Allegheny County Council voted to ban new natural gas drilling — also known as fracking — inside and underneath county parks at a meeting Tuesday night. The bill would also ban other industrial activities from taking place inside county parks, including quarrying, forestry, and housing construction.
County residents and environmental advocates present at the meeting applauded the decision. Many spent hours giving public comments and rallying in support of the bill. Some have been working towards the ban since 2014, when legislation to ban fracking in county parks was introduced but was not passed.
“No one has ever gone to North Park and kayaked and thought the experience would be made better by a convoy of diesel trucks or radioactive air pollution,” Zachary Barber, a clean air advocate with PennEnvironment told council.
“Protecting these parks isn’t a matter of politics. It is a matter of good policy, but even more it’s a matter of common sense,” he added.
The ban passed Tuesday night would not apply to the existing leases like the one at Deer Lakes Park, but it would prevent the operation from expanding.
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Pushback on bill
During a discussion on the bill, some council members voiced concerns that it could hamstring council’s future ability to implement pollution controls on fracking operations near county land.
“If everybody signs a lease around that park and we don’t, we’ve got nothing to say about the safety of what’s going on there,” said councilor Nick Futules, a Democrat. “But by signing a lease for the subsurface, we do have something to say.”
Futules said he does not support fracking inside of county parks, but does think it should be possible to frack underneath the parks.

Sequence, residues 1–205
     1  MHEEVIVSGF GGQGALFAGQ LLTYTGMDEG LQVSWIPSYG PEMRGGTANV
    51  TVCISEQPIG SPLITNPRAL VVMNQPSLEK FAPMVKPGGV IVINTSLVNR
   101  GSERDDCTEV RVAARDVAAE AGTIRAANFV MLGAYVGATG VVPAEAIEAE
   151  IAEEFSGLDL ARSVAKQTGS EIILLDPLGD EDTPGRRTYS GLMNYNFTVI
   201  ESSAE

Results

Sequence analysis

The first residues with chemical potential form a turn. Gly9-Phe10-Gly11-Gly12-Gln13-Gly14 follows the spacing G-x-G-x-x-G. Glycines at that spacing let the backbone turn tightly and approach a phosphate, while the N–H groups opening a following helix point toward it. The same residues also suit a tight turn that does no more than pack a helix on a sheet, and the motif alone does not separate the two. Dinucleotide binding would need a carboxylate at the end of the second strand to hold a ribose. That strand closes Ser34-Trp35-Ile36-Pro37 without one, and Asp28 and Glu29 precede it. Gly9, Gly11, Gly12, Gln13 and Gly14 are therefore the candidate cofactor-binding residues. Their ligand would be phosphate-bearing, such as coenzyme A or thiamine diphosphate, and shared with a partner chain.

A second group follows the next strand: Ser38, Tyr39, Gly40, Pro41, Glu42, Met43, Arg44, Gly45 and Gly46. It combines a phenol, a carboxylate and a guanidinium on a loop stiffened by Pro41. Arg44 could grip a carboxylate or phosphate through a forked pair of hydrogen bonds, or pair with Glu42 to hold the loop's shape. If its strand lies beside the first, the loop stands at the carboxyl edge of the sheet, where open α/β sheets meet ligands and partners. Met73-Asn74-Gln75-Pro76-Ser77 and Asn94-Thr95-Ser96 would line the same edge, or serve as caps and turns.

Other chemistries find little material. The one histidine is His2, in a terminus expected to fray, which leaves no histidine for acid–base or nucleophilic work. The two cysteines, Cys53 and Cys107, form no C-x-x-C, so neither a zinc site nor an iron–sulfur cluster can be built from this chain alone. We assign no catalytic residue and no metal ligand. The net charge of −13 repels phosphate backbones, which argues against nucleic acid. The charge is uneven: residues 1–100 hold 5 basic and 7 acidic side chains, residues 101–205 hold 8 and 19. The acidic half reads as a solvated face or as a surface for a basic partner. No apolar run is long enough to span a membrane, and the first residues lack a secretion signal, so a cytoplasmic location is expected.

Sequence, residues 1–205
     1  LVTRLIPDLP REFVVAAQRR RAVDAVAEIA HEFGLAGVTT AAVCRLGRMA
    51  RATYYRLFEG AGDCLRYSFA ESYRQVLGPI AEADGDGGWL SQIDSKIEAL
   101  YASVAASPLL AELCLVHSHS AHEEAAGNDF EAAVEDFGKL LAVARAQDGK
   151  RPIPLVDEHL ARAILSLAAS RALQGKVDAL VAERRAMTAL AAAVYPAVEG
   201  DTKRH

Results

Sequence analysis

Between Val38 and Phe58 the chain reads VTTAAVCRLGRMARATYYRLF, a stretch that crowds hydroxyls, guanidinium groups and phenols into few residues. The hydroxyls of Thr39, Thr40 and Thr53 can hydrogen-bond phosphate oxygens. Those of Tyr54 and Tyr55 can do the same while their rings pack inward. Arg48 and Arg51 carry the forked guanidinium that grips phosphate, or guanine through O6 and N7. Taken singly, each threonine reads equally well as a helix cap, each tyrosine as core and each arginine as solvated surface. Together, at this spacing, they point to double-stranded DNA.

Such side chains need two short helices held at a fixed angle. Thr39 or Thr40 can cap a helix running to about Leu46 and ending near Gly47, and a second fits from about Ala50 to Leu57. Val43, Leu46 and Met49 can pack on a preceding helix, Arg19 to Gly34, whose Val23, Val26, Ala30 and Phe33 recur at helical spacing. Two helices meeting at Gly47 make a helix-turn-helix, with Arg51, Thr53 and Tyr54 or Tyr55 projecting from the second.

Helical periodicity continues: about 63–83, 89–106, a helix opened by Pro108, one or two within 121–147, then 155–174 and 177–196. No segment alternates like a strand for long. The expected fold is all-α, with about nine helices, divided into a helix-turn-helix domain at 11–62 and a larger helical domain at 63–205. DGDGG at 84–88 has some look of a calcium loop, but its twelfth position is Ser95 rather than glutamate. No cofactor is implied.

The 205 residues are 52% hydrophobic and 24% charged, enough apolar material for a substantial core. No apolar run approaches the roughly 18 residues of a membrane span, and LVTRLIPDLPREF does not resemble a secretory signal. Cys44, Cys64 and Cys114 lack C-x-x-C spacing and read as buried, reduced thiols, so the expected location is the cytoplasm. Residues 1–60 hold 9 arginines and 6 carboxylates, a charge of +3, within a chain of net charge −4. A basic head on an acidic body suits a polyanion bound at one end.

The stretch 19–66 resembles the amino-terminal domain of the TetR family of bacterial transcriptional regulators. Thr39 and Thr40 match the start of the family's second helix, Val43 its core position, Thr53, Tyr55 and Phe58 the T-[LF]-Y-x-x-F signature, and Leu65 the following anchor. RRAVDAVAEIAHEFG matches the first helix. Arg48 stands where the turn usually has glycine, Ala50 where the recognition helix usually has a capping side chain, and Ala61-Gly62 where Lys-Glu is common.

Republican Suzanne Filiaggi said she had “serious concerns” about the bill’s language. She worried that the restrictions on commercial activity were too broad and could put some of the businesses that rent space in the park, such as ski slope operators, in jeopardy when their leases are up.
“A serious read of the language makes all partnerships vulnerable in that they must … defend or prove that their use is directly associated with the public’s recreational use and enjoyment,” Filiaggi said, adding that the ordinance could potentially discourage growth.
Councilor Bethany Hallam, one of the bill’s sponsors, said council members had the chance to introduce amendments at past committee meetings.
“If you don’t support fracking in the parks, then you should vote ‘yes’ to ban fracking in the parks. It just seems like such common-sense legislation to me,” she said.
“What I haven’t heard is any single person saying, ‘Please don’t ban fracking in the parks.’ Not once,” she said. “Not the 70-plus folks that came to our public hearing, not the dozens of folks who came here tonight, not the hundreds and hundreds and hundreds of folks who are in all of our email inboxes. Not one person has said, ‘Vote no on this.’”
The bill passed with 11 members voting in favor of the ban. Filiaggi and fellow Republican Samuel DeMarco voted against the ban along with Democrats Futules and Bob Macey.
In a statement, County Executive Rich Fitzgerald said that although his administration does not plan to allow fracking on or under county parks, decisions about leasing “should be conducted on a case-by-case basis by the leaders elected to make those decisions.”
Fitzgerald promises a veto
Fitzgerald, who has long been an advocate for the natural gas industry, said he “fully [supports] a move from fossil fuels to sustainable energy,” but “we cannot flip a switch to make that happen overnight. Natural gas is part of that path and to ignore that is shortsighted.”
“Any future legislation can simply repeal this one,” he said. “It’s just propaganda to benefit their own political interests.”
Fitzgerald promised to veto the bill, but if the bill’s 11 council supporters stick by it, that’s more than the two-thirds majority required to overturn the veto.